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Comment & Response
October 15, 2014

Benefits and Risks Associated With Thrombolysis for Pulmonary Embolism

Author Affiliations
  • 1Section of Pulmonary and Critical Care Medicine, Boston University School of Medicine, Boston, Massachusetts
  • 2Department of Critical Care Medicine, Sunnybrook Health Sciences Centre, Toronto, Ontario, Canada
  • 3Interdepartmental Division of Critical Care, University of Toronto, Toronto, Ontario, Canada

Copyright 2014 American Medical Association. All Rights Reserved. Applicable FARS/DFARS Restrictions Apply to Government Use.

JAMA. 2014;312(15):1588-1589. doi:10.1001/jama.2014.10780

To the Editor Dr Chatterjee and colleagues1 performed a meta-analysis comparing thrombolysis with anticoagulation for pulmonary embolism using the Peto method to determine pooled odds ratios (ORs) because of low expected event rates among included trials. We suggest that this method is flawed for several reasons.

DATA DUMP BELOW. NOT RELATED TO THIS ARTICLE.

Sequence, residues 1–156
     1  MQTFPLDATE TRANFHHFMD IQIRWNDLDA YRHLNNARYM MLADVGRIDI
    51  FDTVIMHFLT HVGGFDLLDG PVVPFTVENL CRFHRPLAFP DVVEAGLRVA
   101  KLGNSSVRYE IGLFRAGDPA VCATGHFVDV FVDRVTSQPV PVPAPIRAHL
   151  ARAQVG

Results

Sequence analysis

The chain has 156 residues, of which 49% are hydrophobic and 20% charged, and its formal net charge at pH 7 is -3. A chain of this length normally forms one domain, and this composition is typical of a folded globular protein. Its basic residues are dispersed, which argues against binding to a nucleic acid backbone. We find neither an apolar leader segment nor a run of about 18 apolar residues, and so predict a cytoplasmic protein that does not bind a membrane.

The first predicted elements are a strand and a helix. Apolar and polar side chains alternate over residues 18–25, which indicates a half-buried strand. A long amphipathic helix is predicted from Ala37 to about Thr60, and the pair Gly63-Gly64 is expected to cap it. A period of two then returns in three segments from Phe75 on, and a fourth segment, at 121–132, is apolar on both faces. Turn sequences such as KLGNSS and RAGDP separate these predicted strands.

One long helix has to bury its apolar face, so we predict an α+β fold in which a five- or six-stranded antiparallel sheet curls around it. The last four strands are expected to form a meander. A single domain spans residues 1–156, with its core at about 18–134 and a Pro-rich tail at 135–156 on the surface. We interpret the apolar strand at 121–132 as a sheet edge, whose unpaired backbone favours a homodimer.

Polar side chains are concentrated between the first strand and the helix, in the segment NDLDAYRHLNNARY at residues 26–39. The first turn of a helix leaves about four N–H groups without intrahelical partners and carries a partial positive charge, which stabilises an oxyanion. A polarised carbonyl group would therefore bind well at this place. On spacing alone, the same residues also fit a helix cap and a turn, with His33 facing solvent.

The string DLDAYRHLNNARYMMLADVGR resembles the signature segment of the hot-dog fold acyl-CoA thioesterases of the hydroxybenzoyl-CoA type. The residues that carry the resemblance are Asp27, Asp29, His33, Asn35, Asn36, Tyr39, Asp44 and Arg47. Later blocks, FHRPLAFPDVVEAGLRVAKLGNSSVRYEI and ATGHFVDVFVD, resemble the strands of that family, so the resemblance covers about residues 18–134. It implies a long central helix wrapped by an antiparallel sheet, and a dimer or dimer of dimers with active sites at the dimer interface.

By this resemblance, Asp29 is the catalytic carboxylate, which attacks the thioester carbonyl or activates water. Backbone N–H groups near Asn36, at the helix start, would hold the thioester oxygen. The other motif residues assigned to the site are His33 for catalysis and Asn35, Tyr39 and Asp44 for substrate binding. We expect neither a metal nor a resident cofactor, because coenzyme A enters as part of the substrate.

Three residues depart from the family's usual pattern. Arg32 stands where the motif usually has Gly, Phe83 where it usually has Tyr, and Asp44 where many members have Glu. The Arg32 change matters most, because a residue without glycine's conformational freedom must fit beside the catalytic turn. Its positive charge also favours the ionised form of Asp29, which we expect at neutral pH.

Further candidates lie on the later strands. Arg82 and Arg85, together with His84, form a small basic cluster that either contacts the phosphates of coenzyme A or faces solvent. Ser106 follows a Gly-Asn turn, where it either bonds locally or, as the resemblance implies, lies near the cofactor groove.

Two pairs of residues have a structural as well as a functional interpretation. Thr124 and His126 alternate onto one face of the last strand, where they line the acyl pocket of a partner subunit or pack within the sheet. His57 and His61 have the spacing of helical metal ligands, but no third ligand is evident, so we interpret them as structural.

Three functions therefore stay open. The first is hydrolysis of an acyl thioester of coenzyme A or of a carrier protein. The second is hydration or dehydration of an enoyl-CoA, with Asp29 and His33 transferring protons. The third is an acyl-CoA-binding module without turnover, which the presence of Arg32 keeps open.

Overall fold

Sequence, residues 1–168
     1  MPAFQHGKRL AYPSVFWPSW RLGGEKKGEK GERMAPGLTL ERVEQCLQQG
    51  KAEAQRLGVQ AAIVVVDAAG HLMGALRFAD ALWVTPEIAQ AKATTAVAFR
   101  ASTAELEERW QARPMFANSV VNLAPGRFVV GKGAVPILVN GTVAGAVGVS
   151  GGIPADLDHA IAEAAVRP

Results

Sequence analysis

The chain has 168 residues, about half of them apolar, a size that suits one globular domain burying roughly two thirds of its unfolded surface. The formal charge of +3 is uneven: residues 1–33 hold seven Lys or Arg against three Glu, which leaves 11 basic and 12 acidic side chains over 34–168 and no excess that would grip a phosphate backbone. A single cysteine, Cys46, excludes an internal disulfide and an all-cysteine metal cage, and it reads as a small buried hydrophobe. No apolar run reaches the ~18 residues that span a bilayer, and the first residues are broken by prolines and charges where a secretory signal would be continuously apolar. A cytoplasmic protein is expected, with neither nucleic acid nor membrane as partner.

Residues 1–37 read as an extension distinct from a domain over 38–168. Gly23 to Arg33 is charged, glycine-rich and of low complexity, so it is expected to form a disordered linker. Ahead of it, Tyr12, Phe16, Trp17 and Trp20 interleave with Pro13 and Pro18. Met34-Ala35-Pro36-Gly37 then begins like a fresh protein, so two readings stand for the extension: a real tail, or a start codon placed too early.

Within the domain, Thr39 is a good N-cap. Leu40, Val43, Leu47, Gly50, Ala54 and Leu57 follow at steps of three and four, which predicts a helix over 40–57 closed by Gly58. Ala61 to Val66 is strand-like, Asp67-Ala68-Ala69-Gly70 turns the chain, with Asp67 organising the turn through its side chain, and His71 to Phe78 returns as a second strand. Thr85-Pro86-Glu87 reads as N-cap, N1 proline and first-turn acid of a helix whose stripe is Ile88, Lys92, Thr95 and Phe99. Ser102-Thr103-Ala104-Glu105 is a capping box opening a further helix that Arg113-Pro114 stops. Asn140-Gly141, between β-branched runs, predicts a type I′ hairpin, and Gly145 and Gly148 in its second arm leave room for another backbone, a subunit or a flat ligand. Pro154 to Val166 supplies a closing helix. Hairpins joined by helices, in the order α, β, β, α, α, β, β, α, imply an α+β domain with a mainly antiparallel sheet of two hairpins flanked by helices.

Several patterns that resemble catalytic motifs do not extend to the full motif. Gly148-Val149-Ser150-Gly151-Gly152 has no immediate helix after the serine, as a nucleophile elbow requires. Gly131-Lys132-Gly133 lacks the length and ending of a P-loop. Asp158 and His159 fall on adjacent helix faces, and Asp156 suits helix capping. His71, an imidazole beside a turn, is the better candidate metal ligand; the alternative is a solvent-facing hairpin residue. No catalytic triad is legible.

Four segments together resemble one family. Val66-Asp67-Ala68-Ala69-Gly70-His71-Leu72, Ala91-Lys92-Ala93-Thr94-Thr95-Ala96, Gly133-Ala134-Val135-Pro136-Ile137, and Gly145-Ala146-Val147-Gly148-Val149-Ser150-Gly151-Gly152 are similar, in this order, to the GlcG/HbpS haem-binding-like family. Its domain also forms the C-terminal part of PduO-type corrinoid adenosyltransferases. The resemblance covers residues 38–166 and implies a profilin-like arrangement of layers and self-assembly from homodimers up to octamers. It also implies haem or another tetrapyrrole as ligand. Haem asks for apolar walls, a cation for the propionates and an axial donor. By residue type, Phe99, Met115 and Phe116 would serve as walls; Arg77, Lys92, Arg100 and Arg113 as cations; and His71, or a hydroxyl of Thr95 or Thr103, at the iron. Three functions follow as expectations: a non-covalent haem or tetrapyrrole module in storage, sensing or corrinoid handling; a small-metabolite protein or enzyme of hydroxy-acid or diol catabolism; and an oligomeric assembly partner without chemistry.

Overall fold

First, although simulation suggests that the Peto method may outperform standard Mantel-Haenszel OR estimates when event rates are less than 1%,2 the overall risk of mortality after pulmonary embolism is higher (approximately 3%). The Peto method may produce biased estimates with higher events rates.2 Second, the Peto and other methods ignore trials with zero events, creating another source of bias away from no effect.3 Third, the Peto fixed-effects model assumes that included studies measured a single underlying effect. It seems unlikely that thrombolytic trials spanning more than 30 years and using different selection criteria and outcome measures would generate 1 treatment effect.

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